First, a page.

Significant harm that results from a breach in planning control could concern residential amenity or highway safety issues. Examples of significant harm could include noise nuisance, loss of daylight or privacy, or danger from increased traffic flows.
The following are NOT examples of harm:
- Loss of value to a neighbouring property
- Competition to another business
- Loss of an individual’s view or trespass onto someone else’s lane.
It may be possible to address issues such as these by way of civil action, although this is a matter for the individual to pursue and is not an area where we would be involved.
If an unacceptable breach has occurred, what action can be taken?
If we find that a breach of planning control has occurred and is causing harm, we can:
- Request that changes are made to the development so that it is acceptable in planning terms
- Request that details required by a planning condition are submitted or implemented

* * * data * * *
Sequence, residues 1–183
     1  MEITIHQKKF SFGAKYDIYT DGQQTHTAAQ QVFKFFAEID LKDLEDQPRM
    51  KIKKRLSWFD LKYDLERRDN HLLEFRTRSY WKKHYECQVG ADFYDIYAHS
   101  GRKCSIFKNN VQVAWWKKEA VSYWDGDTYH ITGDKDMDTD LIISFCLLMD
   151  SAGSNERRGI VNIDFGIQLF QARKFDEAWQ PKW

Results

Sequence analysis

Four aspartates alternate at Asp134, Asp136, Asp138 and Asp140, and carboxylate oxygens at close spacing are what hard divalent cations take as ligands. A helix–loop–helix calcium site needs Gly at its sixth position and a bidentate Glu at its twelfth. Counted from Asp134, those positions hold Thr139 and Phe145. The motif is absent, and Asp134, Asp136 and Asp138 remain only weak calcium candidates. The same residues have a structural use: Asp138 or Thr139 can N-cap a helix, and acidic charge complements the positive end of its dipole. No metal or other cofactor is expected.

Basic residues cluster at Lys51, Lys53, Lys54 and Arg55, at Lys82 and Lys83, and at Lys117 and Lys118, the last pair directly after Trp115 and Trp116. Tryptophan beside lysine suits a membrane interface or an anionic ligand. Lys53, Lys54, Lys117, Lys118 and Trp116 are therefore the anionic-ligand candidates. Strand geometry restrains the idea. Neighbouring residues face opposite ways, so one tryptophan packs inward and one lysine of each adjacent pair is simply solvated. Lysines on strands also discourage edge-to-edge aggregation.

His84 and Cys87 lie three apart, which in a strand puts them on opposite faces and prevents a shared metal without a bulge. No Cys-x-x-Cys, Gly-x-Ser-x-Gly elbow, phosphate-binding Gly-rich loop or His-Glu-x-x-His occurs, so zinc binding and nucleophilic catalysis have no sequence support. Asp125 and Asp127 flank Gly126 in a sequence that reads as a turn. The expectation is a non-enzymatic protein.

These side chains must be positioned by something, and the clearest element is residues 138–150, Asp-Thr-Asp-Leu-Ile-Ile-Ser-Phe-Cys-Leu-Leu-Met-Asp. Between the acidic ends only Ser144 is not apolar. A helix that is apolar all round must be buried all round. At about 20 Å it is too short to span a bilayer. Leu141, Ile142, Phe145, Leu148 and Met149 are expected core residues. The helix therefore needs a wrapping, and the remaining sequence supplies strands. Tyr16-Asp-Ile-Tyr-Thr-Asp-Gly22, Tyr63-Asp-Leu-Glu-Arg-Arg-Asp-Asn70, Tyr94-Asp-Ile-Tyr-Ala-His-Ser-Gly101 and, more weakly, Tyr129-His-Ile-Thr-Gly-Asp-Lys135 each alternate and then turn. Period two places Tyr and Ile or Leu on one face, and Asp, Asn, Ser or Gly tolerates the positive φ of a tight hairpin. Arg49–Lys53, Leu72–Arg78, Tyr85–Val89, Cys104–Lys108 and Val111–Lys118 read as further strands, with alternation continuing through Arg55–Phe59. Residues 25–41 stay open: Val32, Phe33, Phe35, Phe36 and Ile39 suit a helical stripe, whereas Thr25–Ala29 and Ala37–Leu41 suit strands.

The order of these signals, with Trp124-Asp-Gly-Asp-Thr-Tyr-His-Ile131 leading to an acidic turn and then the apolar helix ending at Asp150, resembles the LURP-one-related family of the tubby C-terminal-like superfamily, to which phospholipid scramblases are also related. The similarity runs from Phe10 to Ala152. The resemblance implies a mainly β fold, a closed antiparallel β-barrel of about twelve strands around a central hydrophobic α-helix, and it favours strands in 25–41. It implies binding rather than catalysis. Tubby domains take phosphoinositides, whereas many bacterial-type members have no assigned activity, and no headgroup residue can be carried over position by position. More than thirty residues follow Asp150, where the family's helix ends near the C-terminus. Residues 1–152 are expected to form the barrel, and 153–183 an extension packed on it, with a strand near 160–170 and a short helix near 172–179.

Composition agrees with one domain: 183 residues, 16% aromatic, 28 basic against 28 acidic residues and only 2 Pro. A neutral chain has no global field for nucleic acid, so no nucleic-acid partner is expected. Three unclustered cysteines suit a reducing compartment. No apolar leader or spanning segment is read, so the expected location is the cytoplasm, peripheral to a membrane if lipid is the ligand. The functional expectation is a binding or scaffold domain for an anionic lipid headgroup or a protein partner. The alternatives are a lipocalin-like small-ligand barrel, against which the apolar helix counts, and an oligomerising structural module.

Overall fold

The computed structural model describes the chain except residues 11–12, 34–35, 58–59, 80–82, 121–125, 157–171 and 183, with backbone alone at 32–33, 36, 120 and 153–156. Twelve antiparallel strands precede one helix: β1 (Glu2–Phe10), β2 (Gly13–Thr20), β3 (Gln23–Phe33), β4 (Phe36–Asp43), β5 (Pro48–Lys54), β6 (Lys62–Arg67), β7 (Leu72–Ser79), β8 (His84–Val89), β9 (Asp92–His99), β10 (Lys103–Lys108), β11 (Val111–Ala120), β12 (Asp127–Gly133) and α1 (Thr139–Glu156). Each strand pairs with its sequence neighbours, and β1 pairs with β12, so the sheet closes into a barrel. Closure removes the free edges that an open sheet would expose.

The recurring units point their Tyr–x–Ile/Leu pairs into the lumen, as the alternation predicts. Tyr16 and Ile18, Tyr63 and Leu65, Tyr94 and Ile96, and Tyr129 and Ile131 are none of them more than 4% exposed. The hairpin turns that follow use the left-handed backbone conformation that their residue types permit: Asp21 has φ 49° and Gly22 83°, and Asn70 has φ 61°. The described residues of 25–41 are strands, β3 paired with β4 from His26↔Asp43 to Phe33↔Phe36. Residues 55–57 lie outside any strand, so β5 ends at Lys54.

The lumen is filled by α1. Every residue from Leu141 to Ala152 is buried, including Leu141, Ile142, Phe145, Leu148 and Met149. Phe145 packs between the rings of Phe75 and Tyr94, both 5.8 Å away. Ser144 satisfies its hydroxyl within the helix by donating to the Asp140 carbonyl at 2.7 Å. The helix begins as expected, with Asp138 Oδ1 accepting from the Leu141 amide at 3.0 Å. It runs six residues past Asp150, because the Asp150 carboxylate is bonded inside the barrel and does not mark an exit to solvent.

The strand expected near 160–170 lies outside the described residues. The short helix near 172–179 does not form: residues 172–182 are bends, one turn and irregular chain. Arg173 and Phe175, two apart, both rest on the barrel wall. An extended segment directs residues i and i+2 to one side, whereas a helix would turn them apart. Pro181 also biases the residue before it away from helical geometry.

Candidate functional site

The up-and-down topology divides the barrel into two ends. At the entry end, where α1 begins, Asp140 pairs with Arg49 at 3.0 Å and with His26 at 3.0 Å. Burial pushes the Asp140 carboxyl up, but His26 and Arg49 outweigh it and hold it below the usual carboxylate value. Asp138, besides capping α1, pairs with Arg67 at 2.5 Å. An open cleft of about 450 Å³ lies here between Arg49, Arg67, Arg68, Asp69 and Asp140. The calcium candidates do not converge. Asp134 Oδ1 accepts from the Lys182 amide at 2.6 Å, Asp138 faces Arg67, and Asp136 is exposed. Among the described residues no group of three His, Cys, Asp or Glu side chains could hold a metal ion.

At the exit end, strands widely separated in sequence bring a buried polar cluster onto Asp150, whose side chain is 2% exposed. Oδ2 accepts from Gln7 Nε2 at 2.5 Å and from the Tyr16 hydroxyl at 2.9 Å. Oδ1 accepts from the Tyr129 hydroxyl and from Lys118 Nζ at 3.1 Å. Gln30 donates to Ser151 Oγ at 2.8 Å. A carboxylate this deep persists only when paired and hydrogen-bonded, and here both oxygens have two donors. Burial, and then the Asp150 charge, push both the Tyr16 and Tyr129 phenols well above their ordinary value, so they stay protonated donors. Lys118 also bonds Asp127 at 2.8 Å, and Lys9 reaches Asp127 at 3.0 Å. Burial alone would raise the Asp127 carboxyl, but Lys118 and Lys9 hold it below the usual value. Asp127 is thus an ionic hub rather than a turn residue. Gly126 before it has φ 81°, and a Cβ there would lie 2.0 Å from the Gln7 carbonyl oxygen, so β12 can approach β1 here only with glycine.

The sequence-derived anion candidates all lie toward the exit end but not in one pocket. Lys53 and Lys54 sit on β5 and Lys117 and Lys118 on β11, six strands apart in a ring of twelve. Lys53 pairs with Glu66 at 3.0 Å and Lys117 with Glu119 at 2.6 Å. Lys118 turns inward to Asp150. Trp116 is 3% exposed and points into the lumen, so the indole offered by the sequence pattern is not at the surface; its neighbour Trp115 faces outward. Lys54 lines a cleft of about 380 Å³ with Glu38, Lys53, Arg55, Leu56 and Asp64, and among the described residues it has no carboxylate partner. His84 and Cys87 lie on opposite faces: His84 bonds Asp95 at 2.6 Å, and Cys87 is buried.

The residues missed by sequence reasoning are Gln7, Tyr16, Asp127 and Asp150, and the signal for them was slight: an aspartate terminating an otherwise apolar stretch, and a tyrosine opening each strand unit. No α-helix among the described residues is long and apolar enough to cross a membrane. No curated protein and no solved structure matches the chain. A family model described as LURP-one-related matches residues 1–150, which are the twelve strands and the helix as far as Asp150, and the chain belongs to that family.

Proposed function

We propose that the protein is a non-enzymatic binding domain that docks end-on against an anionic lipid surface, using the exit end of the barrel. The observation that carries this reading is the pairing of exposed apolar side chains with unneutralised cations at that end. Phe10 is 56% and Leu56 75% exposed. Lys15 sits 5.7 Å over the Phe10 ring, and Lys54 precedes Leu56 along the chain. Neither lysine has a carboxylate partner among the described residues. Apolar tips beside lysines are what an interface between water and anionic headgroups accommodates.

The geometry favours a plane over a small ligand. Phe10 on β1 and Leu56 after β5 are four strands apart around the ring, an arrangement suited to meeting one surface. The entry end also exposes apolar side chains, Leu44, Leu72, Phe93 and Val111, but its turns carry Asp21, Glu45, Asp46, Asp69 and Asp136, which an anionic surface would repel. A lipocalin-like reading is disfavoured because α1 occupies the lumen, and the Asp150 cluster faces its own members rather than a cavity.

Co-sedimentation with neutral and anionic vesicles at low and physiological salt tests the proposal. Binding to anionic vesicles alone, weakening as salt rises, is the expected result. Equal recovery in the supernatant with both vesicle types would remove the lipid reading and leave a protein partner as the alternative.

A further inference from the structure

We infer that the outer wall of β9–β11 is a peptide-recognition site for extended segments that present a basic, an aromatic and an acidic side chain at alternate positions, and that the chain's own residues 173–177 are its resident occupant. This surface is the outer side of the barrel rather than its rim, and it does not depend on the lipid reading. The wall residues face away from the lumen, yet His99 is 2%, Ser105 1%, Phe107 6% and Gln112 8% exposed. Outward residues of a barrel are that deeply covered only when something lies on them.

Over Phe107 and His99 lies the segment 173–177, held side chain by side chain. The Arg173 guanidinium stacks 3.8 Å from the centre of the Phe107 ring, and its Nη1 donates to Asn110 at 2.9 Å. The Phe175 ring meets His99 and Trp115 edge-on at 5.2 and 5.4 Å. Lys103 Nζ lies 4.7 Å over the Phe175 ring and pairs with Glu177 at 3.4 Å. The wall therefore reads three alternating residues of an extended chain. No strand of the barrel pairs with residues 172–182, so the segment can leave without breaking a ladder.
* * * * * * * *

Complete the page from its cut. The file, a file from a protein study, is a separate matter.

- Ask for a retrospective planning application to be submitted to regularise the site (this will give us the opportunity to consult on the development and we can impose controls through the use of conditions)
- Request that construction work stops or that an unauthorised use ceases
What is a breach of planning control?
A breach of planning control is defined by the Town and Country Planning Act 1990 as ‘the carrying out of development without the required planning permission, or failing to comply with any condition or limitation subject to which planning permission has been granted’.
What happens if the breach continues?
We always seek to resolve complaints without having to resort to formal enforcement action, as advised by government guidelines. However, if an unacceptable breach continues then we will consider using formal enforcement powers.
Formal action can involve issuing one of the following notices:
- Planning contravention notice
- Enforcement notice
- Breach of condition notice
- Temporary stop notice
- Stop notice
- Section 215 untidy land notice
- Requisition for information notice
It is not a criminal offence to do something without planning permission, however carrying out unauthorised works to a listed building, the unauthorised display of advertisements or damage to a protected tree is a criminal offence.
However, if a notice is served and is not complied with, it does become a criminal offence and is likely to lead to us considering further action, such as: